Along with her outstanding basketball talent, Dennis' strong decision-making skills have traveled with her to Coral Gables. She leads Miami's freshmen in minutes played and has made key contributions in the team's victories over No. 6 Penn State and Alcorn State.

"In our games against Penn State and Alcorn State, Caprice made huge plays for us," Meier said. "Unfortunately, we needed those plays against Alcorn - which shouldn't have happened but we needed them - and she was in the lineup and withstood the run and answered it. In those two games, I have put her in to answer those runs and that shows a lot of confidence in a freshman."

Despite her early success, Dennis recognizes that there is room for improvement in her game and she has decided to be proactive in her efforts to mature as a player.

"There is always room to improve," Dennis said. "My shooting can get a lot better. I don't know my shooting percentage, but I know it's not the best. I'd like to get that up and I really want to focus on my ball handling. I think I can work on that a lot too."

Dennis also hopes to add muscle to make her more of an offensive force around the basket. At just 134 lbs, Dennis has struggled at times this season to get to the rim. But the freshman guard is confident her work with strength coach Alex Parr will help her finish strong in traffic going forward.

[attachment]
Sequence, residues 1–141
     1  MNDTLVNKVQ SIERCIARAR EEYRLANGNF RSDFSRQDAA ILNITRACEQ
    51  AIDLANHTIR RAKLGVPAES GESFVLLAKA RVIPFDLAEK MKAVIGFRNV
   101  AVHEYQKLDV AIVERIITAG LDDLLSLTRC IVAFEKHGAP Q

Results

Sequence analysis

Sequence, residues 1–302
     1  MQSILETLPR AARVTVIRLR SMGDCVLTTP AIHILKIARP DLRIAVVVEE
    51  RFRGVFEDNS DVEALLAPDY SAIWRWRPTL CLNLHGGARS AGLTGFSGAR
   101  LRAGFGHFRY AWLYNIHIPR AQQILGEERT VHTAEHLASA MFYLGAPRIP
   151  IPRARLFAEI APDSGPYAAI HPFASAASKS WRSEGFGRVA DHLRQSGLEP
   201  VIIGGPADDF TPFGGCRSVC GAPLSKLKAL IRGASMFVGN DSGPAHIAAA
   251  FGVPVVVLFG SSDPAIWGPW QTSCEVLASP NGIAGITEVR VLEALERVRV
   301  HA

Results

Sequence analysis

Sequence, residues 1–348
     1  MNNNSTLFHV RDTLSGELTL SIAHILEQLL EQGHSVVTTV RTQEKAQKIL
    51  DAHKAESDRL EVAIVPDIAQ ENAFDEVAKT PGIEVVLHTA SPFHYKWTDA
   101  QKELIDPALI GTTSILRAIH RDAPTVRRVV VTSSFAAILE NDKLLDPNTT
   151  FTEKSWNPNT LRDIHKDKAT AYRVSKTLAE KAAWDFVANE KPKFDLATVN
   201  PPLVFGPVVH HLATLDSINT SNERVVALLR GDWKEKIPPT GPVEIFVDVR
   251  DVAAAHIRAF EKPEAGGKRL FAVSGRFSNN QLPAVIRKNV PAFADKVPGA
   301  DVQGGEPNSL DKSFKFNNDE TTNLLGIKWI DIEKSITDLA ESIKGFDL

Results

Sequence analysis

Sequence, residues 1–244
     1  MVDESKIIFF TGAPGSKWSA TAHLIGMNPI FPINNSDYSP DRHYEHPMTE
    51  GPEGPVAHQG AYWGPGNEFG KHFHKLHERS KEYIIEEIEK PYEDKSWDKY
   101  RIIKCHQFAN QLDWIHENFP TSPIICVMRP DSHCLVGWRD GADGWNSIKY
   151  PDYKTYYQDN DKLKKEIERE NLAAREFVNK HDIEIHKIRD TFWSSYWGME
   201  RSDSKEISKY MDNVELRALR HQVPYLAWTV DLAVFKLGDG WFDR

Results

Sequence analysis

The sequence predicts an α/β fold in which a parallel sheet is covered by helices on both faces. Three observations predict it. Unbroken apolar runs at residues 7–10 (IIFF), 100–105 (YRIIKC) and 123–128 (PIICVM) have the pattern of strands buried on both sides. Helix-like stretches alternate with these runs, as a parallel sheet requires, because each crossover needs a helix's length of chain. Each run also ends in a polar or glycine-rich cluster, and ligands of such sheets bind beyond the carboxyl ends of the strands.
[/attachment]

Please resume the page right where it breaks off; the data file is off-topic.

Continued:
"I also definitely have to get a lot stronger," Dennis said. "You'll see some of my finishes where I get to the basket and I should be able to finish but I'm not capable because I'm not strong enough. I definitely want to get a lot stronger."

While physical strength is something Dennis lacks, her mental toughness is off the charts. Meier marvels at her ability to remain calm and composed in the most pressure-filled situations.

"She is very calm and steady Eddie," Meier said. "I remember right before Tennessee I said, 'Caprice, are you excited?' And she said, 'they play ball just like I do.' It was a straight pulse with no spiking. It has not been a roller coaster with her at all. It's just a matter of her understanding her role and playing. If you give her some freedom, she is going to make the right choices."

Relaxed under pressure, Caprice Dennis is avoiding the typical freshman mistakes and helping the Hurricanes make the right decisions on and off the court.